Thank You, Capitalism

It's easy to forget that many of the the mundane marvels of our day didn't exist a mere 10 years ago. Lest we forget how good we've got it, The Atlantic takes a side-by-side look at how far technology has progressed in just one decade. It's a good reminder that, though capitalism has (unjustly) fallen on hard times, it only makes our lives better.

Wednesday, December 23, 2009

A Shibboleth for the Educated

Keith Staskiewicz wonders why people feel so embarrassed when they mispronounce a word they've only seen in print:
Haven’t we all had a name or a word that we’ve seen many times in print, but never heard in conversation? We know what it means, how to use it, how it’s spelled; everything but how to pronounce it.

For the majority of my life, I was convinced that awry was pronounced similarly to the word orrery. To this day “uh-RYE” still rings false in my ear. I also admit to pronouncing posthumous as if it meant “following a savory Middle Eastern spread.” And I, like many others, have Googled the phrase “Goethe, how to pronounce.” (Don’t get me started on South African-born Nobel laureate J.M. Coetzee.) I just wonder why there’s such a stigma attached to those of us (like poor Margaret Tate) who seem to know certain words only in writing. Surely, there is quite a large vocabulary that doesn’t appear that often in everyday conversation, so why should one feel ashamed to get it wrong now and again? In the end, it’s more important to know what it means than how it sounds. I say go forth and mispronounce because how will you ever get it right if you’re never corrected?

I agree. I think those who fancy themselves cultured and highly educated use pronunciation as a shibboleth, as if knowing a word's meaning is fine for laymen, but serious people know how to properly pronounce dichlorodiphenyltrichloroethane. It's a silly distinction to make, and one that reeks of elitism and a little bit of the "gotcha!" mentality. ("What did you just say? Oh, it's actually pronounced dis-pyuh-TAY-shus. God, everyone knows that.")

Tuesday, December 22, 2009

Burj Dubai

The world's tallest skyscraper is about to open in Dubai. To help comprehend just how friggin' tall this thing is, I quote Spiegel Online:

The tower, at any rate, is real. With its 160 habitable stories, it juts 818 meters (2,683 feet) into the sky. Tourists have to kneel down on the sidewalk to photograph the building in its entirety, from base to tip.

The Burj Dubai is so tall that Bedouins can see it from their oases 100 kilometers (63 miles) inland and sailors can see it from their supertankers, 50 nautical miles out in the Gulf -- at least on the few winter days when the air is as clear as it's portrayed on the mural in front of the model apartment window.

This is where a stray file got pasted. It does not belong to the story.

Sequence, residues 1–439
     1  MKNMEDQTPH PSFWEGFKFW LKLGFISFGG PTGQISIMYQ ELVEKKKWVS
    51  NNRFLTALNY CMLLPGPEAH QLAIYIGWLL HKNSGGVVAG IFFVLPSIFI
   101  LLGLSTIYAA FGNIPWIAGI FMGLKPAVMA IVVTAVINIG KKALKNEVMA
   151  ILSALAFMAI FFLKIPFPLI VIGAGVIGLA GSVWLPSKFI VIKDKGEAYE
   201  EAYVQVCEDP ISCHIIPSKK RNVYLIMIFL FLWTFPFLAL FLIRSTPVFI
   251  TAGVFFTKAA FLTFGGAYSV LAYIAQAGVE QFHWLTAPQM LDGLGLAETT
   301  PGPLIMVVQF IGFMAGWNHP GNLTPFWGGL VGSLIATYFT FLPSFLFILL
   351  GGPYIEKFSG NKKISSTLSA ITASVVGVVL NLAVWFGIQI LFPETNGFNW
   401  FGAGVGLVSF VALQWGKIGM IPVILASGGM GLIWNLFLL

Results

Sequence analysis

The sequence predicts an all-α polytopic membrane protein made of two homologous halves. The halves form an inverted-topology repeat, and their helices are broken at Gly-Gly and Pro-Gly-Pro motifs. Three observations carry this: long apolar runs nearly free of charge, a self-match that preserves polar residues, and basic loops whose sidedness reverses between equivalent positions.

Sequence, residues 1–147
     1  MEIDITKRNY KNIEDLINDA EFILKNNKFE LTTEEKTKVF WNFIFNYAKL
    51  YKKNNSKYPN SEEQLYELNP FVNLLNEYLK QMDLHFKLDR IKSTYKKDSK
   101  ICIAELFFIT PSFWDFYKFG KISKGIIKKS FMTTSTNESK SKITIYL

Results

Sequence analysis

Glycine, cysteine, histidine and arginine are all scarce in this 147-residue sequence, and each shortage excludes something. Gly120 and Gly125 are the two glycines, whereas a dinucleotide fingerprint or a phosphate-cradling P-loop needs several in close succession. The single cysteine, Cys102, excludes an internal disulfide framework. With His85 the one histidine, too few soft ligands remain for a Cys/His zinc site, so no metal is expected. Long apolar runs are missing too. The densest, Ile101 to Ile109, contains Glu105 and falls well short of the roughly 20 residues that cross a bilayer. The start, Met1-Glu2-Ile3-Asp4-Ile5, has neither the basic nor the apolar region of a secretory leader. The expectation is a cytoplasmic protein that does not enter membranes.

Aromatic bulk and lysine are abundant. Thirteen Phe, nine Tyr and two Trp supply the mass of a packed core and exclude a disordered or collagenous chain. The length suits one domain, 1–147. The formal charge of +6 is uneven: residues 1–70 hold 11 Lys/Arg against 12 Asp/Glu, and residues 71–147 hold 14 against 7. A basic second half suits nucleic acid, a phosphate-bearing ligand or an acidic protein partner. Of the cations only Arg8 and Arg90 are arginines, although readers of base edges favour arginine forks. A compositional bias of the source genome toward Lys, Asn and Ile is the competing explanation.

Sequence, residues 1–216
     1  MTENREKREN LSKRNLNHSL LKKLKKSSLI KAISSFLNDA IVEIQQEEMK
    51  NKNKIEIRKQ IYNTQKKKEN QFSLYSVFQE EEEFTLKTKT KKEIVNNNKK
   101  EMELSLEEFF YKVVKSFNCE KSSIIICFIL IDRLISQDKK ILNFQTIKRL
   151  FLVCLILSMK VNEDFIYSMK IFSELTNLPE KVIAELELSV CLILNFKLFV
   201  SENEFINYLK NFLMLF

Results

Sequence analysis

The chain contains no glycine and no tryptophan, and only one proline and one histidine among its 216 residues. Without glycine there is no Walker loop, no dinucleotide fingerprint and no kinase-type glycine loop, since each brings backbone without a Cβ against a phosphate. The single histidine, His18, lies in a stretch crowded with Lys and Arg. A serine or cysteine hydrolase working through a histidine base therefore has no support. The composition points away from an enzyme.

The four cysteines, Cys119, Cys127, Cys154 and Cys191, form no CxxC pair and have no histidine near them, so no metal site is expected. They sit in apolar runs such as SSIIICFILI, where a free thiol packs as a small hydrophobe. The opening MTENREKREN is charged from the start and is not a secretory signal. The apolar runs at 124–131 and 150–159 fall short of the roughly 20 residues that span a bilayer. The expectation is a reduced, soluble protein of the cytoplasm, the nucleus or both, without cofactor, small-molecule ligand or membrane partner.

The tower is so enormous that the air temperature at the top is up to 8 degrees Celsius (14 degrees Fahrenheit) lower than at the base. If anyone ever hit upon the idea of opening a door at the top and a door at the bottom, as well as the airlocks in between, a storm would rush through the air-conditioned building that would destroy most everything in its wake, except perhaps the heavy marble tiles in the luxury apartments. The phenomenon is called the "chimney effect."

Here's what it would look like if it were erected in Midtown Manhattan.

Finally, here's a video shot from the top of the building. Unbelievable.

Monday, December 21, 2009

Song Break

The New Pornographers' insanely catchy "Sing Me Spanish Techno." The video, which I hadn't seen before today, is tranny-tastic. Also, AC Newman makes one damn fine lady.

70-Minute *Phantom Menace* Review

This has been making its way around the internet. Ostensibly, it's a snarky fanboy review of Star Wars: Episode 1 The Phantom Menace. Actually, it's a brilliant, and hilarious, work of comedy. I don't know who this "Mike from Milwaukee" is, but the Onion needs to find him and hire him now.

Mickey Mouse, Gay Basher

Jeet Heer tours the history of homosexuality in early-20th century comic strips, starting with Disney's high-pitched rodent:
What could be more wholesome than Mickey Mouse, the big-eared emblem of the Disney empire? Yet a Mickey Mouse comic strip from January 22, 1931 shows the little rodent meeting a big cat who displays all the markers stereotypically given to gay characters during that period: a lisp, a limp handshake, and a general effeminacy of manner (in this case, batting eyelashes). Revealing himself to be not just homophobic but a violent gay-basher, Mickey attacks the big cat.
Most of the comic strips Heer presents were published during the "Pansy Craze," a period in the late-twenties/early-thirties, where effeminate men and butch women were finding underground popularity.

The strips are fascinating, first for how openly homosexuality was presented in a medium like comic strips, but mostly as a reminder of how far culture (and Disney) has advanced in eighty years.

(HT Jesse Walker at Hit & Run)

Sunday, December 20, 2009

A List That's Pretty Much Amazing

The music site Pretty Much Amazing has compiled a great list of the best songs of the decade. Even better, I've contributed to one of the posts.

You can read my list of the best songs of the decade here.

Saturday, December 19, 2009

Song Break

A hidden gem of a song, from a hidden gem of an album. The charming video was directed by the great Paul Thomas Anderson.

Democrats Poised to Pass Health Bill, Fall on Their Swords

So it looks like it's going to pass. Megan McArdle predicts political suicide: